"Having long been possessed with an ardent desire to see the Distilleries of Scotland...", Alfred Barnard, 1885

"O Thou, my muse! guid auld Scotch drink", from Scotch Drink, by Robert Burns

Thursday, 9 February 2012

Coleburn Distillery, Glen of Rothes

I don’t plan to visit too many of the distilleries that opened after Barnard’s journey and which are no longer open today but I have included Coleburn as it ties in with some of the other distillery stories.  It is also set in the most verdant and peaceful location and although it is now closed as a distillery we will see later that new life is soon to be breathed into the old stone walls.

Most distilleries in Scotland are, if not conspicuous in the landscape, at least relatively easy to stumble upon, whether from following the tourist trail signs with eager anticipation, espying the elegantly pleasing design of a pagoda roof over the tree tops (or more often now a slender black topped chimney), or following an enticing aroma up a glen (more likely the aroma of draff being carted away, or the lovely roast malt notes of dark grains being produced, rather than the sweet aroma of maturing whisky that drifts away too quickly on the breeze).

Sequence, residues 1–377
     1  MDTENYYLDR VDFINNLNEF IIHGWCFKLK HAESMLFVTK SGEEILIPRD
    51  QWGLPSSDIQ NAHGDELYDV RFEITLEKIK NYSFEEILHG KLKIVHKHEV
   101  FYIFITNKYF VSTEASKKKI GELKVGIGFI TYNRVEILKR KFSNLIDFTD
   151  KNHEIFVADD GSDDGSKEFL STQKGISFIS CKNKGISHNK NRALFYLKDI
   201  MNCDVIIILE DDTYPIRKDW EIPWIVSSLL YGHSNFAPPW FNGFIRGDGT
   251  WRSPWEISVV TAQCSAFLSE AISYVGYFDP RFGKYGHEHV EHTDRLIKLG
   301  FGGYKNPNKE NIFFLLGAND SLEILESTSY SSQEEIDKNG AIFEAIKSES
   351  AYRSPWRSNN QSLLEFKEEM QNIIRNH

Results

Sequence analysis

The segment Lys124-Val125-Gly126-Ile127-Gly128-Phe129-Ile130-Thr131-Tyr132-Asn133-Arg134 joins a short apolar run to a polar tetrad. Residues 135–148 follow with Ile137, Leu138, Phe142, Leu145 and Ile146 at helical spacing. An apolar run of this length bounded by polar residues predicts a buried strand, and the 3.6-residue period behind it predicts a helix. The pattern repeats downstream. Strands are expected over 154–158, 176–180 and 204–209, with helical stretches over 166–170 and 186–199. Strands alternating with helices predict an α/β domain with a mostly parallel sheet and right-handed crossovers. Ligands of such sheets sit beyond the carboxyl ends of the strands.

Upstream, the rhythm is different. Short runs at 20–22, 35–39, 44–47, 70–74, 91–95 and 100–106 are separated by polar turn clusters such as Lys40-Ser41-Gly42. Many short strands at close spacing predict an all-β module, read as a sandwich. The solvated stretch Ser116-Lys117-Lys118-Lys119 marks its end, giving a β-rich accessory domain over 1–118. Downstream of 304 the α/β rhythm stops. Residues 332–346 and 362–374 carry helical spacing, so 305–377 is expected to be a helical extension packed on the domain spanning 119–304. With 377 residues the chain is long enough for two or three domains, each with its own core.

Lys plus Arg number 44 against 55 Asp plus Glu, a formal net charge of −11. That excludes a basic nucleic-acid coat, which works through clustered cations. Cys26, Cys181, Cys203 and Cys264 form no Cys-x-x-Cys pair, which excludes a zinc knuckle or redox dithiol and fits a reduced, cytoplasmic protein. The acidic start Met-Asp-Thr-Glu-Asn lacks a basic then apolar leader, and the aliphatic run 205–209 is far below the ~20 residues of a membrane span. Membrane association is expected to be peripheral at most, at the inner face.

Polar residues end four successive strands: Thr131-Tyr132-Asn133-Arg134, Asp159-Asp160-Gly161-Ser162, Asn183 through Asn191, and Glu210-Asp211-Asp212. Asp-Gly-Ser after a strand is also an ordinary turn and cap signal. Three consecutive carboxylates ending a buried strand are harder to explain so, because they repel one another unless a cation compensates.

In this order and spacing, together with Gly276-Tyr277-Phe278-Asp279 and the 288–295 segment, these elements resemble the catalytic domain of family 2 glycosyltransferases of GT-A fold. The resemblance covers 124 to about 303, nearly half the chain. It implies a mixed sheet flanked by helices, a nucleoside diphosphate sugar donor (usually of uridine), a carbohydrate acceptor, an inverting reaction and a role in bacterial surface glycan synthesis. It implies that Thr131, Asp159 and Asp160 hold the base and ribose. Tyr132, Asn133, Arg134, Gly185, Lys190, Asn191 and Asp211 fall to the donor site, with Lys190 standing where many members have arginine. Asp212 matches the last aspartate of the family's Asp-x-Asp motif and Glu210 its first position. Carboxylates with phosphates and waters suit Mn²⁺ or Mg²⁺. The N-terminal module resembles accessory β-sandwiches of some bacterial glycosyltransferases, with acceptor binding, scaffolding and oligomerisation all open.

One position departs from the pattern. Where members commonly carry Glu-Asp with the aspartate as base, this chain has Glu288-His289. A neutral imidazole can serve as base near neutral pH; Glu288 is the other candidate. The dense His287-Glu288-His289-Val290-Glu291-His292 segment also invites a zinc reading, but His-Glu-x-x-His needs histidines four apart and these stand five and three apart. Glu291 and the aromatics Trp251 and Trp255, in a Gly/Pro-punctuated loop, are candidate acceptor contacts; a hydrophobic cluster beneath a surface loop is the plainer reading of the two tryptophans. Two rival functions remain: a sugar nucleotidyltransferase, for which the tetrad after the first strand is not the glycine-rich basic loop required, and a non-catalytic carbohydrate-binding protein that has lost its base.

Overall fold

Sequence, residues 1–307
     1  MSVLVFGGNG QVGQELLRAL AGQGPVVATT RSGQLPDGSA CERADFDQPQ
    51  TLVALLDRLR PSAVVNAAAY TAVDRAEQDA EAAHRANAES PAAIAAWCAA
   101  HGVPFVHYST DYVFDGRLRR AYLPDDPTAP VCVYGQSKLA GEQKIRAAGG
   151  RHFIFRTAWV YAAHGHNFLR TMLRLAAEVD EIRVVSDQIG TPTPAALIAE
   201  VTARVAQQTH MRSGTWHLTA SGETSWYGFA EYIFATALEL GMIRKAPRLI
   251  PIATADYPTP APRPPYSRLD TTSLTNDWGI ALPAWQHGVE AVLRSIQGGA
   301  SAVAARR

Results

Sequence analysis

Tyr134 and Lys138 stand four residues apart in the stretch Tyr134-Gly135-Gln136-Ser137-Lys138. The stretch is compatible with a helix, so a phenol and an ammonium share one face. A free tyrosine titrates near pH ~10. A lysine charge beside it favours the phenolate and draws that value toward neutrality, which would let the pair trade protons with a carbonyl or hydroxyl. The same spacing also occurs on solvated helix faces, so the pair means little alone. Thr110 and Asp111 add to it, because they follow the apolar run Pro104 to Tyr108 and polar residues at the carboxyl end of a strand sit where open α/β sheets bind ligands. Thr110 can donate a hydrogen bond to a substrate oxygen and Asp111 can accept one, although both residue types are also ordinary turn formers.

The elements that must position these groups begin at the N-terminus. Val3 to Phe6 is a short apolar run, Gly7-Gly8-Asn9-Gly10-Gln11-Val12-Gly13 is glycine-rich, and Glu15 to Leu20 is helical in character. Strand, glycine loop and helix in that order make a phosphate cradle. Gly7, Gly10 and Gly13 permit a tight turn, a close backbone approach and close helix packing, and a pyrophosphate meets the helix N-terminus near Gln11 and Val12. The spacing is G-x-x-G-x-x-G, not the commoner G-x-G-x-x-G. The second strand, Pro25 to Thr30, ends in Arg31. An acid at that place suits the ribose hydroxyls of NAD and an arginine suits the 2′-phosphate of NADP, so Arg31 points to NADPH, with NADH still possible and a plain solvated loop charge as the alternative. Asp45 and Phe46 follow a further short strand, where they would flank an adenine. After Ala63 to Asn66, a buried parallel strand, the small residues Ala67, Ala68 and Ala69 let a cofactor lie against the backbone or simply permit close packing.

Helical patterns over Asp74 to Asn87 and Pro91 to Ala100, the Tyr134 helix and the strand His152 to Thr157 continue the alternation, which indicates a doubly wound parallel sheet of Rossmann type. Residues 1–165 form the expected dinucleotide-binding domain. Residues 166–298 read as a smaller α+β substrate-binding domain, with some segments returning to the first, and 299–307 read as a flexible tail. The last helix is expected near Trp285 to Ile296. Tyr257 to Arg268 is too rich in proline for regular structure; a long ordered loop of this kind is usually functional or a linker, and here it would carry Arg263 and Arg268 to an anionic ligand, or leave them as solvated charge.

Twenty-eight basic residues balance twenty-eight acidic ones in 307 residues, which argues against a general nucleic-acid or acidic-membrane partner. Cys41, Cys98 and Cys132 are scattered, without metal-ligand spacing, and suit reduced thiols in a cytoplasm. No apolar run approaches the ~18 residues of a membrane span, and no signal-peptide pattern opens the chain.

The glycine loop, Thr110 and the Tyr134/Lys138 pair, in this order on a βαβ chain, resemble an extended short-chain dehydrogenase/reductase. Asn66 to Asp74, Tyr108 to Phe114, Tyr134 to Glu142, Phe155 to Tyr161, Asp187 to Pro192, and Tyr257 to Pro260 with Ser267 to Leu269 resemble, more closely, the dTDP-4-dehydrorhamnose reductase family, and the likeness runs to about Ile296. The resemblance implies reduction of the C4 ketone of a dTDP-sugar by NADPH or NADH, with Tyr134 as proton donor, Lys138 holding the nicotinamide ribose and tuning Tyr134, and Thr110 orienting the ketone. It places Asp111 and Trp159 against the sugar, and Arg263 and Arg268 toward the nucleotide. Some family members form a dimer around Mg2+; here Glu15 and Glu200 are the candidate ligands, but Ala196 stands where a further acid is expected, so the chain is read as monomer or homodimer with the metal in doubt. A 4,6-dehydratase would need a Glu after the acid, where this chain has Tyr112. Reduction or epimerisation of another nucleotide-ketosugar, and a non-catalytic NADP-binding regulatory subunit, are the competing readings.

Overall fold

Coleburn Distillery in hidden valley
The now silent Coleburn Distillery is an exception as it must be one of the most hidden distillery sites in Scotland, sitting beside the Glen Burn in a small dell at the very north end of the narrow Glen of Rothes and hidden from the road by dense woodland.  Some of my visits around the Elgin area were from a base in Craigellachie so I became very familiar with the A941 from there up to Elgin, yet it took three passes through the Glen before I found the correct turn off for the distillery, so well hidden it was.  Given its location though, I am sure that if it had survived the 1980s downturn it would now be on the tourist trail and well signposted.